Once that's done you can let the tank cycle natuarlly. The start of the cycle is not always immediate and really depends on what the "fuel" source is. It is always recommended to wait until the NH3 and NO2 levels are zero before adding any animals. Until you see an increase and subsequent decrease in both, the tank has not properly cycled and cannot support animals safely.

Cheers
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Old 08-16-2003, 01:22 AM   #5
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I should also add that a new tank cannot support that number of animals that soon, it must rather be allowed to grow and accomidate the animal load. Each time a fish is added to the tank, the bacteria population must grow with it. The correct amount of bacteria is not always present. When the tank is ready, only add one fish at a time. After all new additions are poperly >>quarantined<< and the >>acclimated<< to the new tank, then the next fish can be aquired and it then goes through the same steps. This will allow enough time between additions for the tank to properly stabalize to each new "load" as well as ensuring not to introduce pathogens or parasites.

I would also suggest skipping fish like tangs and other large growing types unless you have a rather long 46gal tank, 48" length is the minimum. They will in fact do much better in a 75+ gal tank for a healthier existance.

Cheers
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Old 08-16-2003, 06:47 PM   #6
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I took the mollies out of the tank. The ammonia level is around 3 and I also noticed the ph is about 7.8. I'll just let the tank cycle for a month or so. However, am I just waiting for the ammonia and nitrite level to read zero? How long after they read zero do I add new fish? Also, for my 46g tank, what kind of fish and how many do you recommend to put in the tank first?

Thanks a lot for the quick responses!
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Old 08-16-2003, 07:55 PM   #7
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I would start bumping up the ph if you have live rock.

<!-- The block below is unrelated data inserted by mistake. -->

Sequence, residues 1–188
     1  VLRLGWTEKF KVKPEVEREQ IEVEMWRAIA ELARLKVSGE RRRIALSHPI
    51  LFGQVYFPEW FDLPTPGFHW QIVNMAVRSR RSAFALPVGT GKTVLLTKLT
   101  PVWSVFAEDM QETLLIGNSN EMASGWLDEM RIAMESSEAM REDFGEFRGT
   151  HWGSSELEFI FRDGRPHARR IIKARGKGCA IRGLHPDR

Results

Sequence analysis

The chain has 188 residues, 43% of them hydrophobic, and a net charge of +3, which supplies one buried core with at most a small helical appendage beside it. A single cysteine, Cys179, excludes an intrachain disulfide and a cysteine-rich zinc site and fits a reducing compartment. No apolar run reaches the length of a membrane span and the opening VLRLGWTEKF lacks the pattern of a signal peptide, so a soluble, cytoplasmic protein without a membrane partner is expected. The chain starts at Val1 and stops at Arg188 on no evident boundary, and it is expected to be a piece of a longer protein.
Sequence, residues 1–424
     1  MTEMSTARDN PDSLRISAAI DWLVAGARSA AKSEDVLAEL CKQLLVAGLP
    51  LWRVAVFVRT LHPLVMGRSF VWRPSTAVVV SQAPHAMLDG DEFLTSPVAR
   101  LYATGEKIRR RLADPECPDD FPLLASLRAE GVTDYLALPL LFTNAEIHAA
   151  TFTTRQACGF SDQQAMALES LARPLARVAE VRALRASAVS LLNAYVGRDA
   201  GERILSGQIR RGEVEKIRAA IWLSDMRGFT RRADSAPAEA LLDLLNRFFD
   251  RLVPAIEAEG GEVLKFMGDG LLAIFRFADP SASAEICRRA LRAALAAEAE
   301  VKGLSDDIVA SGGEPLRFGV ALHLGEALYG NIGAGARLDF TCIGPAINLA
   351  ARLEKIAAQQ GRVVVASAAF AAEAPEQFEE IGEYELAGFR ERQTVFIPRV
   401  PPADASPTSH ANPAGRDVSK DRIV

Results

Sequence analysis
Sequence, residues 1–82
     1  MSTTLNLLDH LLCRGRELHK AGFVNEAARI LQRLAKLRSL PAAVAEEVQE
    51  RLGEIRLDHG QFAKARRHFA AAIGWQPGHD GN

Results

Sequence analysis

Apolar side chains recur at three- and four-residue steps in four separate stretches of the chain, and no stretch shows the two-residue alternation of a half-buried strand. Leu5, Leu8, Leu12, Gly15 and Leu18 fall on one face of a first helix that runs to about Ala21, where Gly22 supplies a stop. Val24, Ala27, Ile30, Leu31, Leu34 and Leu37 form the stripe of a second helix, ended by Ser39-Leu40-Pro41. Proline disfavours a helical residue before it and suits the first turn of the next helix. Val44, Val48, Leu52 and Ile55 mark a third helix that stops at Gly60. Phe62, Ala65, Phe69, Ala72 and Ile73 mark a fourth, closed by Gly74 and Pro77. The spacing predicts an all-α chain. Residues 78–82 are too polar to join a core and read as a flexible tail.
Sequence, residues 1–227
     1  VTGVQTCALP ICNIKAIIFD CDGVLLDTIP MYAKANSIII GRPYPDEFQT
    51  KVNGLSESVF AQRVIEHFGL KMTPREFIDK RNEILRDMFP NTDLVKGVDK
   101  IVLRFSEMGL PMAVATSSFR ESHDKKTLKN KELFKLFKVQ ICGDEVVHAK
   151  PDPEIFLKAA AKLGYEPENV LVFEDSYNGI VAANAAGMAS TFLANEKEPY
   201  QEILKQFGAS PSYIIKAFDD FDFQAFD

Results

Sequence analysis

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Old 08-16-2003, 09:39 PM   #8
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Good to hear about the mollies

If you start QTing the first fish when the tank has no detectable ammonia and the nitrites are on the way down, some 4 weeks later both the tank and the now properly QT'd first fish should be ready to go.

Stocking suggestions are many and choices still very high for a 46 gal tank. I would just steer clear of large growing fish. >>Here<< is a decent site that includes some species info as well as loose info on care/aggression ratings. I would suggest putting together a sort of wish list and post it once you've decided and I'm sure the members of AA would gladly offer some further assistance.

Quote:
Originally Posted by astride13
I would start bumping up the ph if you have live rock.
In a newly cycling tank, this is really nothing to be greatly concerned with. The decay and die off produced will greatly increase the natural acids and the CO2 levels in the tank. Adjusting them at this point would really be putting the cart before the horse. If this is uncured "raw" LR, then you could employ some small water changes to control the levels a bit better and preserve as much life as possible. If pre-cured LR, I would leave well enough alone as the ph will come back up as the cycle progresses.

Cheers